Ron Acierno, Ph.D.*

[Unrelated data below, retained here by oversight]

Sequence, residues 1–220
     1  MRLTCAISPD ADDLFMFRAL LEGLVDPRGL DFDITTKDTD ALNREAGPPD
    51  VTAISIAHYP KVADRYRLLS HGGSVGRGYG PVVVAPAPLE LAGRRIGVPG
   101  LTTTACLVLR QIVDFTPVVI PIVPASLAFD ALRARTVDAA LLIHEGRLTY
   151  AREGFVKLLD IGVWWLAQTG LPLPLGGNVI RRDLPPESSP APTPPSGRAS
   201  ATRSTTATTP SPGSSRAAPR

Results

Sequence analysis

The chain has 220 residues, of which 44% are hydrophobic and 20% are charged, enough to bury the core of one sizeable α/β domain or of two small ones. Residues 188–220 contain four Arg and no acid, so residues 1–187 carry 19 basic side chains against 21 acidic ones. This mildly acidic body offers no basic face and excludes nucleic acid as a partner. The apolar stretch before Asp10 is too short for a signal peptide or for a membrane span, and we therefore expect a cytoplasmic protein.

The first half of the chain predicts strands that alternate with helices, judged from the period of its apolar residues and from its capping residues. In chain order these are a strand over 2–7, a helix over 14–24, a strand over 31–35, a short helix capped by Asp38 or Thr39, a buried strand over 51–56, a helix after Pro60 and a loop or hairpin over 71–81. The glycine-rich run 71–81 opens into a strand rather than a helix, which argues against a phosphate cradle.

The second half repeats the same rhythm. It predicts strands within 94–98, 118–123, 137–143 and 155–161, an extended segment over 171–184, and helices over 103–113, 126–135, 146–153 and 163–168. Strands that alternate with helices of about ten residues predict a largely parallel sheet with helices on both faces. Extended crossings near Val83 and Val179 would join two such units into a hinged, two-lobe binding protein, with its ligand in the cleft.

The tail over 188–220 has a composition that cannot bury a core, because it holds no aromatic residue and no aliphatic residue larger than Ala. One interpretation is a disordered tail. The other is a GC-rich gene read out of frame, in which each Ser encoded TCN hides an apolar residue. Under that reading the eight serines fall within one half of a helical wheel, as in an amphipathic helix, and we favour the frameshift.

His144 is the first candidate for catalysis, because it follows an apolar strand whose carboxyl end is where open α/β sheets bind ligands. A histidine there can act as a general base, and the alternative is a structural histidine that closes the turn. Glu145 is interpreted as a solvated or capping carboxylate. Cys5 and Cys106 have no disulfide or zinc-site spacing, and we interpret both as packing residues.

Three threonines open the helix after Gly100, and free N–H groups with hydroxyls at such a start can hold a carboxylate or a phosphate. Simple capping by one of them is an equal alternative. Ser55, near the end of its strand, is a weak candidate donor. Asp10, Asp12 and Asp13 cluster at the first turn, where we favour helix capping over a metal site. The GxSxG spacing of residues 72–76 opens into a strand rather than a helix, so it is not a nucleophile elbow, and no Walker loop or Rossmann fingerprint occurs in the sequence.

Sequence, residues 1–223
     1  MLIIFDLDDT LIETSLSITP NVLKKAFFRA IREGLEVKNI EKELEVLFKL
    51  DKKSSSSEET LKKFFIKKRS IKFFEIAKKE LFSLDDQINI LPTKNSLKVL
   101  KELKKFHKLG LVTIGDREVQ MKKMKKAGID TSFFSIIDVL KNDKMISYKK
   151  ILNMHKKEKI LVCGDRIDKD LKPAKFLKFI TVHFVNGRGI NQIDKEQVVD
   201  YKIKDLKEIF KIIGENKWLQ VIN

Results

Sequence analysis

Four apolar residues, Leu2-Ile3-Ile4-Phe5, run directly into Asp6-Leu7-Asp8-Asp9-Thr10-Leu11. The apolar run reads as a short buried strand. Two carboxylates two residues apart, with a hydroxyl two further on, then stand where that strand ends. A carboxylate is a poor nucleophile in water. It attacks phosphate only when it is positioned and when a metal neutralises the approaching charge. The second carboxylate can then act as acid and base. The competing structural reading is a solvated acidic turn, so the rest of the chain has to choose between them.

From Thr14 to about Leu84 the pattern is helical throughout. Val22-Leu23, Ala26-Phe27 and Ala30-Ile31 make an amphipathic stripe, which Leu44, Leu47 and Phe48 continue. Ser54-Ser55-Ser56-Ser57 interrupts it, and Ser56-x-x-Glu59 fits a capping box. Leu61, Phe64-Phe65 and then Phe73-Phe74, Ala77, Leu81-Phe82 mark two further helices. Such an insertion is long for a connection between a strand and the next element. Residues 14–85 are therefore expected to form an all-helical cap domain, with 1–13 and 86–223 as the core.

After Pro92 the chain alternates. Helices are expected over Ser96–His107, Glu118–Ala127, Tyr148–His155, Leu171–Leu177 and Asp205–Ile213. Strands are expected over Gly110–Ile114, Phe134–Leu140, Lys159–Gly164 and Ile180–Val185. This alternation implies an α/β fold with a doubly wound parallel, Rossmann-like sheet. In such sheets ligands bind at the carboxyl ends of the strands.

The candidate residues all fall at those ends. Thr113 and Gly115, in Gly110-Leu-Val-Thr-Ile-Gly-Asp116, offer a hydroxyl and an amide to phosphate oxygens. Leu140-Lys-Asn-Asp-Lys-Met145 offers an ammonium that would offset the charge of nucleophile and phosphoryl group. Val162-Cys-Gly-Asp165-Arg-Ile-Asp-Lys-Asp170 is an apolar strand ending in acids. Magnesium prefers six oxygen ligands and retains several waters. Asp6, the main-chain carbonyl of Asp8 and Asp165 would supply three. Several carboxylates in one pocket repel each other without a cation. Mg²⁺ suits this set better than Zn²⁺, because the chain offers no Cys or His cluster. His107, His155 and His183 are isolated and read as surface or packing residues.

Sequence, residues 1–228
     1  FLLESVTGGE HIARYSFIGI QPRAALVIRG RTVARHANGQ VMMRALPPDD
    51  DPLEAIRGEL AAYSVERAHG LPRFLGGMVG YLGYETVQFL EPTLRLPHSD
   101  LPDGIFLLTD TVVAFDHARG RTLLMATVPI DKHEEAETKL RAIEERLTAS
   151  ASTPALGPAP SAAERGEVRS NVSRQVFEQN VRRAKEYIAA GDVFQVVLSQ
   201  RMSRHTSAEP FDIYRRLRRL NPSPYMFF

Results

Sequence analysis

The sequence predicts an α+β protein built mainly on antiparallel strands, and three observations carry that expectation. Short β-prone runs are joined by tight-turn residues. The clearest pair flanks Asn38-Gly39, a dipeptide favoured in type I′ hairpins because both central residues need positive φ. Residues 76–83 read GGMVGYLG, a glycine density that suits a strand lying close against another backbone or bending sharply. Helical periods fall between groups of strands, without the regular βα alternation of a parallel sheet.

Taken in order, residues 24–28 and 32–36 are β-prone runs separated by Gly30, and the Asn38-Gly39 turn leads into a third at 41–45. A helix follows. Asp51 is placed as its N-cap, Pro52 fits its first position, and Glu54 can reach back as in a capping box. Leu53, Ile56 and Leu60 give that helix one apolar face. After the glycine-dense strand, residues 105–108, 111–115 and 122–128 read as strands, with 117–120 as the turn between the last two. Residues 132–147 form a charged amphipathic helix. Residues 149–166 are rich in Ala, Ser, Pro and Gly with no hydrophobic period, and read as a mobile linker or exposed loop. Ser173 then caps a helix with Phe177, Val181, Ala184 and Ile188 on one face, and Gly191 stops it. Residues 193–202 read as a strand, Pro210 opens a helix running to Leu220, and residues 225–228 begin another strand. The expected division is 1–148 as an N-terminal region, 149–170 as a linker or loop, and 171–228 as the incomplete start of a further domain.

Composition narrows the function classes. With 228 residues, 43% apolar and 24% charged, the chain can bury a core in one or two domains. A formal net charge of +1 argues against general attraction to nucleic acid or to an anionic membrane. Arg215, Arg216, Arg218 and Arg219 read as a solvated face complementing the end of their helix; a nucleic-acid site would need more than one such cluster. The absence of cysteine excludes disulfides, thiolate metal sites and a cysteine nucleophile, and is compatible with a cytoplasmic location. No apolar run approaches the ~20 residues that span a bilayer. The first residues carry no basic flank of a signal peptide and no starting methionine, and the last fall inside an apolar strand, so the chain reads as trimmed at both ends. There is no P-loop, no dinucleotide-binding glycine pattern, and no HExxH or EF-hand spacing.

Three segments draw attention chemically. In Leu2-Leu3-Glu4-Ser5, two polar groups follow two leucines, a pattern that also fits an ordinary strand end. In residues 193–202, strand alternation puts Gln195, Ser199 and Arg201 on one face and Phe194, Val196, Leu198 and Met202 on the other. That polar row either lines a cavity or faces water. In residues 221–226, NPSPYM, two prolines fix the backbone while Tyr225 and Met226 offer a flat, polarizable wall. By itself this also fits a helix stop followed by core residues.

Epidemiological data on elder mistreatment can be obtained through (1) agency record review, (2) sentinel reports (trained observers in agencies that serve older adults but do not document abuse in official adult protective service [APS] records), (3) translation of criminal justice statistics using age and perpetrator data fields, (4) caretaker/family member interviews (in person or via telephone), and (5) interviews of elderly respondents themselves (in person or via telephone). Each of these assessment formats has been used with older adults, either in isolation or in combination with other methods to generate population estimates of physical, sexual, or emotional abuse, neglect, and financial exploitation. These mistreatment categories are typically divided according to perpetrator identity as either familial/spousal abuse or caretaker abuse. A final category of stranger abuse (i.e., stranger assault: physical, sexual, or emotional) may arguably be included under the heading elder mistreatment (with the caveat that risk factors will probably be different) because (a) psychological and health effects are similar to those caused by abuse by family members; (b) a significant proportion of elder mistreatment, particularly in the area of financial exploitation, is perpetrated by strangers; and (c) failure to assess similarly assaultive behaviors by strangers ignores potential mediating factors that might interact with familial abuse to predict medical health and mental health outcome.